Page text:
For problems or feedback email: firstname.lastname@example.org
This a functional beta version of the application for Androids. It has been run and tested on a Motorola Electrify M and a 7" mongrel tablet. It will be a work in progress for some time to come as the interface evolves into a more professional and functional presentation, bugs dusted with pesticide, and new features are added or expanded.
I would suggest browsing the documentation, then playing with it for a few cycles before using it on actual flights where battery timming is really important.
There are no known major bugs, although some interface functions need to be refined to be more "user friendly." Hopefully, beta test users with a fresh view will help with this. Otherwise, it hasn't crashed the test devices above, and has been useful to me for timing and keeping track of my Phantom flights for the past two months. My major concern is that it will confrom to different size displays. This is pain to program properly, and I have tested it with two different size devices and a simulator.
One major upgrade will be the addition of a Shapeways generated bracket to mount the Android device on the transmitter. Also, I think the time between the first and second alerts probably needs to be shortened to 1 minute instead of two, and the first alert is probably too mellow. For now, I either put the phone in my shirt pocket, or lay it down near where I am standing during the flight. I also rubber band the phone to the xmitter handle.
Future upgrades besides the bracket will be (at least) logging of GPS coordinates for each flight, and map display of the flight location together with other flight information. I also plan on integrating a pre-flight checklist with user definable items that the user can elect to use before each session. Down the road, if this ends up being sold in the playstore I would think that it should be adapted to provide for multiple flight logs for someone with more than one aircraft.
To install the app, go to this link with the browser in your phone or tablet. This is the first update, Version 1.01. See the change log at the bottom of the page: http://www.paradigmedia.com/flight_timer/Flight_Timer.apk
**Important: You will need to go into the settings and allow the installation of non-playstore applications. I have a custom icon for the app, but I'm having trouble getting it to upload with the standalone version - I'll fix that.
The display is self-explanatory. It will change to yellow at the first alarm, and red on the second alarm.
Start the timer with the "Start" button, or with one of the battery preset buttons. Location preset buttons, however, will not start the timer. Note: if you want to use the battery present functions (logging the battery name and setting the alarm time), you need to use one of the battery buttons to begin the flight. This probably needs to be less awkward.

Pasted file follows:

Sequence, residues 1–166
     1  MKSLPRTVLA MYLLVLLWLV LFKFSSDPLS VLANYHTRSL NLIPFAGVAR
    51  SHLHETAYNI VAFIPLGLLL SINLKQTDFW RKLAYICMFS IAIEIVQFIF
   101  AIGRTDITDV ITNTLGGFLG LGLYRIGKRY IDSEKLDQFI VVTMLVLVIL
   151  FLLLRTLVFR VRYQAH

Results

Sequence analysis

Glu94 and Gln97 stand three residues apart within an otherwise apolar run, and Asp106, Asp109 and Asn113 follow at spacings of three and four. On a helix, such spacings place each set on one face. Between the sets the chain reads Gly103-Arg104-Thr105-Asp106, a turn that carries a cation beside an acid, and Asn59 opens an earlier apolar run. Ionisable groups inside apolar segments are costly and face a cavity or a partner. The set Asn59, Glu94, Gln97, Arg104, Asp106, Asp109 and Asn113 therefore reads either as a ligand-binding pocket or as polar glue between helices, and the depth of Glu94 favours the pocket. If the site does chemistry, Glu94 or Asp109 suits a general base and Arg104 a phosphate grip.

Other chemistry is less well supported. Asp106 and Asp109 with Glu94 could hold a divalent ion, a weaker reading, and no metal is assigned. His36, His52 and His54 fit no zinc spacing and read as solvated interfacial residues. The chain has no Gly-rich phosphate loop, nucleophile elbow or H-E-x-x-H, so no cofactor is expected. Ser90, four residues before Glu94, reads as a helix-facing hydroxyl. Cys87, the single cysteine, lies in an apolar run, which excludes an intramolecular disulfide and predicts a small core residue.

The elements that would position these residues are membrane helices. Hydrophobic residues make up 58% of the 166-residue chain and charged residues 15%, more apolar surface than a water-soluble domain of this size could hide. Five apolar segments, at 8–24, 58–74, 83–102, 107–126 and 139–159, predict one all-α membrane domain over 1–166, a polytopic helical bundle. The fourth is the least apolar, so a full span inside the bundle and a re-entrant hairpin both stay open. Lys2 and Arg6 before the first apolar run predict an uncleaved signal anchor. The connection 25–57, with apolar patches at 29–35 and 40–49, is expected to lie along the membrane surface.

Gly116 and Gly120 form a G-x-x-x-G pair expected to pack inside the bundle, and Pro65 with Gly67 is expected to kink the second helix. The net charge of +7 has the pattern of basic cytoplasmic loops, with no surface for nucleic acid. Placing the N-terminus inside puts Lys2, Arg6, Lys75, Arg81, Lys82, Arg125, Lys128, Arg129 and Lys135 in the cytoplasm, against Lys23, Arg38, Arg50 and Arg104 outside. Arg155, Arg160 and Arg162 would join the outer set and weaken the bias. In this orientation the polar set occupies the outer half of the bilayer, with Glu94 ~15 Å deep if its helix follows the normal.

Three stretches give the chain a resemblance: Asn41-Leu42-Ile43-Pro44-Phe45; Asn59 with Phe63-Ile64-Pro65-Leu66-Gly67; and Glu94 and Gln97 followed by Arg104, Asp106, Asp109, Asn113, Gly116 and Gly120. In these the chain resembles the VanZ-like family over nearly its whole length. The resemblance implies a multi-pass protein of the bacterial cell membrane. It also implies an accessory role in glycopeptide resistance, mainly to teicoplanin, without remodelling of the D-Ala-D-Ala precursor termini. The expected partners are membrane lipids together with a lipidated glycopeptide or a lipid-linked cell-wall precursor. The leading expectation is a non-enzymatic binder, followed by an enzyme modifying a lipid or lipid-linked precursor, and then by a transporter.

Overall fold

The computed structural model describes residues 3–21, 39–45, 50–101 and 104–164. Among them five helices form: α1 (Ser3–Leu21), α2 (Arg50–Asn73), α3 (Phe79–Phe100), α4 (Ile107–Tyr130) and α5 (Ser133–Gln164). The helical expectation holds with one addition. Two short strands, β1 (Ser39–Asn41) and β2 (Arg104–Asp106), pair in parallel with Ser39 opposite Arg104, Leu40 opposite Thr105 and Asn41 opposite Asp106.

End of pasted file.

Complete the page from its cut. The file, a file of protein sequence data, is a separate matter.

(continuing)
Pressing the "Stop" button (when it appears) shows "Press Button Again" for three seconds. So, you have to press the button twice to actually stop the session. This is designed to avoid an accidental termination of the session timer.
There are two levels of alarms. The current alarm preset is shown in a small box in the upper left hand corner of the screen (alarm times can be changed in the "Edit" screen, or through the battery buttons). The first alarm is a chime that sound after the current alarm interval, and the time turns from white to yellow. One minute later the chime sounds again. One minute after that (two minutes after the first chime), the display turns red and a more urgent, louder alarm sounds.
Currently, as soon as the timer is stopped, a field appears to enter any information you want to include in the flight log. Note: All flights are logged, so you may want to play with the app for a bit and do some simulated flights, then erase the flight log when you want to start for real. Clearing the log is explained below.
Long press any of the Battery preset buttons to edit it. Long pressing a battery preset first brings up a dialog box to enter the name of the battery, followed by a field to enter the alarm time for that battery.
The "Edit" button goes to a screen that displays the last completed flight and allows you to fine tune the flight information. You can also reset the global alarm time and go to the flight log display.
This page contains editing functions and information about the last flight. You can edit the minutes and seconds and the comments field. Don't forget to press "Save" when you are done, or you will lose your changes.
The up and down arrows will navigate up and down through the flight log.
"Reset Alarm Time" allows you to change the global alarm set. The individual battery alarm presets are new, so I'm not sure if the persist as a global alarm or not! I'll have to check.
"Log Functions" takes you to the a display of the flight log where you can look at the total flights, total flight time,and average flight time per flight. Note: Here you can also reset the flight log (called "Library" right now), but be careful, since this will clear the log irretrievably.
Better to export the log to the SD card before you reset it. The log is saved, for right now, in a folder that is created in "storage>sdcard0>rctimer." I suspect this path may show up differently in various flavors of the Android OS. I'll be investigating this later, but, meanwhile, that's where it shows up in my Motorola. I use "Astro File Manager" as a file browser.
"Help" needs help. It is out of date!
August 9 - Bug fixes and remove locations panel (leaves only battery presets panel)
July 21 - Doubled the time to long press a battery preset button. Removed locations buttons, enlarged battery preset buttons and increased the panel to nine buttons.